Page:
I stage-managed a production of “The Matchmaker” in high school, and was struck by the truth of a line uttered by the character Horace Vandergelder. It was something to the effect of “Art is something no one needs any of the time.” I paid an undue amount of attention to everything Mr. Vandergelder did during that production, as I was madly in love with the boy playing him. Regardless, there’s still a certain verity to these words. Art is frivolous, and non-essential.
One thing I have learned since making my living as a writer and artist is how very little respect some people have for those working in the creative industry. Despite the non-essential, wholly unnecessary nature of art, when people want it (though of course, never NEED it) they can become quite belligerent. It’s almost as if art, be it written, performance or fine, is actually something very essential and acutely necessary after all.
Early in my career as a freelance illustrator, I indulged in many email exchanges with prospective clients attempting to convince me that my work had no real value. I was informed what I did wasn’t a real job, it was a hobby at best, and I should be glad enough to be graced with an opportunity for exposure. It was selfish and lazy of me to try and earn money off things I just…drew!
One client even compalined to me that my pictures were getting harder to steal off of another client of mine’s website.
“Ughh, you must be trying to sell them or something.” He spat with disgust.
“Yeah, it’s my job.” I answered.
“Oh, you see, I’m enslaved by all that materialism!” He mewled in a mocking voice before launching into tales of his drug addled, teenage misadventures.
I think he was fixated on that era of his life because it was the last time he had financial security, thanks to his parent’s being “enslaved by all that materialism.” He’s in his 60’s now, and from time to time, gets high and starts texting me about the comic book we’re going to write together. Except I have to make the script, and do the illustrations, inking, lettering and colour. He’s just going to oversee the thing.
I don’t get paid of course, but I get half the royalties…promise.
These clients are of course easy enough to refuse or scare off by acting like a “normie”. Far worse are those who’ve learned to play the game, know the rules inside and out, and exactly how to ensnare an unsuspecting artists in the loopholes.
I am writing this piece in chapters, as a warning to others working in the creative industry. I want to walk you through the process of a manipulation in play, step by step, so that you can identify the signs when you see them. Many of us are introverted, private people, and less attuned to social cues than more experienced fraternizers. We second guess ourselves, and strive to placated people too often. Don’t fall into the trap of compromising yourself or your better judgement to appease a client, no matter what awards they boast, or connections they can claim. There are vicious people out there who prey on those they can convince to bend over backwards for them, a position which leaves you exposed and vulnerable. Never trust that someone has your best interests at heart, more often than not, they won’t.
I came in contact with the man through a comic book convention. I was a guest in artist alley, which meant a long day of sitting at a table, trying to beckon people over to buy my art and graphic novels. He passed by, and I complemented him on what I believed was a retro cosplay ensemble.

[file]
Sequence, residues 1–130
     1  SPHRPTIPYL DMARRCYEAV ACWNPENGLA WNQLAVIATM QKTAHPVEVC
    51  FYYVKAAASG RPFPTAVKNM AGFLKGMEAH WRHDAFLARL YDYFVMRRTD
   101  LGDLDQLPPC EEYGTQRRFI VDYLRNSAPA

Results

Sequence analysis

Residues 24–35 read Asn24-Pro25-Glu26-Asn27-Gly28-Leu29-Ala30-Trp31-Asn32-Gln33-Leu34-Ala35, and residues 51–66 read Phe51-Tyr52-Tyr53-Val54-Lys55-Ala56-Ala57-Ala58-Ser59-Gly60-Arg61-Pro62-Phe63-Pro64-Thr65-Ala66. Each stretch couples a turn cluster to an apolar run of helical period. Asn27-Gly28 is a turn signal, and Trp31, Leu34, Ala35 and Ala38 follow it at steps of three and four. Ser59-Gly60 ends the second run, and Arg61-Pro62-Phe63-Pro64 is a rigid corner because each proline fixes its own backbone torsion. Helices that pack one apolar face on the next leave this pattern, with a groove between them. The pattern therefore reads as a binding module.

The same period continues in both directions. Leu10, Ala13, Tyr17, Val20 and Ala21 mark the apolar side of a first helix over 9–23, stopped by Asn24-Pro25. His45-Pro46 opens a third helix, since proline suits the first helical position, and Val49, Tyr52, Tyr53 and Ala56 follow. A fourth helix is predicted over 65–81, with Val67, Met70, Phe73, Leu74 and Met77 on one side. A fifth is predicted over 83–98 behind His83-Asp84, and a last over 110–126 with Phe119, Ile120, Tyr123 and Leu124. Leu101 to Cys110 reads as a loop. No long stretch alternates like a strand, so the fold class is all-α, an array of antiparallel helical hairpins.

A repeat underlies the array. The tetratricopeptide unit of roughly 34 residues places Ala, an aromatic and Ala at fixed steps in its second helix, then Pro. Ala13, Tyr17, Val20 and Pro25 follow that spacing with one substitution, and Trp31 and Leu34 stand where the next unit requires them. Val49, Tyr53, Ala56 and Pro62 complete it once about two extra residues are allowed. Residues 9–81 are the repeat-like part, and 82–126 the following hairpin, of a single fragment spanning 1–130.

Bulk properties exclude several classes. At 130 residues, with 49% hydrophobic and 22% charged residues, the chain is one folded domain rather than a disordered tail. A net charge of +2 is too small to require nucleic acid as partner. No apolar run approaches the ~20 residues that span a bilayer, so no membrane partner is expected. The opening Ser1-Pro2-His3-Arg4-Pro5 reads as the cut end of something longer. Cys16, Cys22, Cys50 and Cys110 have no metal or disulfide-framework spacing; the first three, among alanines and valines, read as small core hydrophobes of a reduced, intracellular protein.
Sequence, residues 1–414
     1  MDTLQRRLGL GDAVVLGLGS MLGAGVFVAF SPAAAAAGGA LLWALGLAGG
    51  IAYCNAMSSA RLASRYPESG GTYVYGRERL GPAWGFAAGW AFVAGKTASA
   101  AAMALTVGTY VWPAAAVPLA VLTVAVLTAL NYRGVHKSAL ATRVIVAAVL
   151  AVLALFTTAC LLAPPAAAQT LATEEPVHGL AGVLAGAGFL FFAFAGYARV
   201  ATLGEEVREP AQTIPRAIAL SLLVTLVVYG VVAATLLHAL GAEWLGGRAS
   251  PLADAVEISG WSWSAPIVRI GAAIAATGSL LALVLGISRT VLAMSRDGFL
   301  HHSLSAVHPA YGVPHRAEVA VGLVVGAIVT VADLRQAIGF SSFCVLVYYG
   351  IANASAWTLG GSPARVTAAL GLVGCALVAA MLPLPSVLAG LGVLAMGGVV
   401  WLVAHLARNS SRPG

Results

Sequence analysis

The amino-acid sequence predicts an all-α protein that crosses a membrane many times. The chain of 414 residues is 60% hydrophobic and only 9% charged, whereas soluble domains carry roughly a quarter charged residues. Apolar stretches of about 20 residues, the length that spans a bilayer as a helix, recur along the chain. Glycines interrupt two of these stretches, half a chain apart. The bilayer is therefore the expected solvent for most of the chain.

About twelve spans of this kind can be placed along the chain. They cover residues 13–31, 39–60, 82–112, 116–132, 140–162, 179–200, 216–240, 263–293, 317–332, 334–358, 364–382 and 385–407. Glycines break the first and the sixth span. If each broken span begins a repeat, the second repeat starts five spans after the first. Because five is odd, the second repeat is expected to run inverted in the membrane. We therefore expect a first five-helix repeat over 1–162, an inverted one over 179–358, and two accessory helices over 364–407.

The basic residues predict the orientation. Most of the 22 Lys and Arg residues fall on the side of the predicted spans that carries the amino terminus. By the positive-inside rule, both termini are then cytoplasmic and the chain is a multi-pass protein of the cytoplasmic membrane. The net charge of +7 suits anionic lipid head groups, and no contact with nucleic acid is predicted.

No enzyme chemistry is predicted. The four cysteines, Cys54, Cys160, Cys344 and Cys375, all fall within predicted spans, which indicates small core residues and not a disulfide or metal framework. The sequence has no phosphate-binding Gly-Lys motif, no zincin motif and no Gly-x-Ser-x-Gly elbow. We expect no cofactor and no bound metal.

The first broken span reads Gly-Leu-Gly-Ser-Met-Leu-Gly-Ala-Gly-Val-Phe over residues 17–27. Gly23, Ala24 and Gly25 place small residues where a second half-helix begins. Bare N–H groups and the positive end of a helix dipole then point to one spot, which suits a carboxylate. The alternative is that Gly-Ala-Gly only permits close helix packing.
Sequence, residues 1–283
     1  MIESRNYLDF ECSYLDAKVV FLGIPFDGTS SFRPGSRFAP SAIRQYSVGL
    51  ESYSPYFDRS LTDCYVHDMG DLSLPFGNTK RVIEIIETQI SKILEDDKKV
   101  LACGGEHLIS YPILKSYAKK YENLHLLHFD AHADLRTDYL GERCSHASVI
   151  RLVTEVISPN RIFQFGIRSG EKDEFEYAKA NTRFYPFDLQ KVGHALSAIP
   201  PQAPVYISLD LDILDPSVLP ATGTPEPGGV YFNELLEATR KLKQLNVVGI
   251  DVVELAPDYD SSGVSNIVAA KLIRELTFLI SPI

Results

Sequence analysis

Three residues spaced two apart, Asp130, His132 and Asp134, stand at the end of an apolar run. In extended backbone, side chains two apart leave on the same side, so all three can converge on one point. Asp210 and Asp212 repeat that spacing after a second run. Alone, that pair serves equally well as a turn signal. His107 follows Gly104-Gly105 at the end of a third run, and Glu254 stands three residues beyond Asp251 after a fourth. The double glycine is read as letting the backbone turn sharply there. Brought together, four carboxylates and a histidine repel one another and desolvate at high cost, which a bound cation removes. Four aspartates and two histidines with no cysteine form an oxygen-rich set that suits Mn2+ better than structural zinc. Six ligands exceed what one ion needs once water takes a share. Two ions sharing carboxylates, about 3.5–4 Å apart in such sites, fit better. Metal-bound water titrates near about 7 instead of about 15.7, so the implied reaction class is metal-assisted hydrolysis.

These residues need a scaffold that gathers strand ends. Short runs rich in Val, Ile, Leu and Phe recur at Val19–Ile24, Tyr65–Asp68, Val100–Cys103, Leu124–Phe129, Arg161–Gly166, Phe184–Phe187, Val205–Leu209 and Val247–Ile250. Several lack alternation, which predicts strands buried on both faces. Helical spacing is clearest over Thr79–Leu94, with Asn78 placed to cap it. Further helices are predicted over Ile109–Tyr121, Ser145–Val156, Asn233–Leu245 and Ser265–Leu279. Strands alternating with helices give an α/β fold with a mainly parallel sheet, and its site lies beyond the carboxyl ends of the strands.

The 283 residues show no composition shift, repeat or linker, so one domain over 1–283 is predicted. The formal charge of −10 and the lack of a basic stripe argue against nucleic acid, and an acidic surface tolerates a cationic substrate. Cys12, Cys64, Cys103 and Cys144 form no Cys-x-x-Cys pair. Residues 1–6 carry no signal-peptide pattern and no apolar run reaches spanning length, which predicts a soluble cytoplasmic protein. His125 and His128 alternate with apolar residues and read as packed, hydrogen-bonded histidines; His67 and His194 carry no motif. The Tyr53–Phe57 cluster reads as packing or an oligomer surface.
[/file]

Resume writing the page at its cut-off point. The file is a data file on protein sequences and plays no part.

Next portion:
“You’re terribly attractive, may I take your picture?” I asked.
It wasn’t very much different than any number of ice breakers I’d launched during the course of the day. On this occasion however, the inflation of ego was actually palpable. This passer-by was only too delighted with an opportunity to talk about himself. I soon discovered, being a captive audience member as I was, he was dressed for a panel he’d be presenting later that evening. He would be assuming the character of a time traveler from the year 1964. His performance, he assured me, was regularly regarded as far superior to other panelists seen at these sorts of functions. With all that out-of-the-way, he at last introduced himself to me as Hewer.
Hewer: One who cuts wood, stone or other materials
To Hew: To sever from the whole by means of cutting blows
No, of course it’s not his real name, but for the purpose of this blog, we will be referring to him by it.
My husband, Weirdsley, and I attended Hewer’s panel. It was interesting enough. In the tradition of panels it was long, dry, and a bit self congratulatory. We were a little disturbed when afterwards, he decided to sit at our table and deliver an exhaustive harangue about himself. It was a subject he was clearly infatuated by. No detail was spared in tales of his work as an author slash historian and how he was the backbone of a Hugo nominated website. I smiled, and nodded respectfully at first. After a time, I felt myself, leaning ever so slightly away from him as he spoke, only to have him draw closer in reply. I held up my camera to record the band, now playing on the stage he had formerly occupied. I had hoped to gently suggest that the conversation had reached its inevitable conclusion. After what seemed like hours, he at last relented, but not before introducing me to his wife and daughter.
“She called me terribly attractive,” he divulged, “and I’ve been smitten ever since.”
We’d only been aware of one another for an hour or two. I wasn’t sure if this repartee was meant more to embarrass me or for him to bask in the compliment once again. My husband and I shot one another bewildered glances as he mercifully departed.
Back in the safety of our hotel room, Weirdsley delivered his verdict of our newfound friend.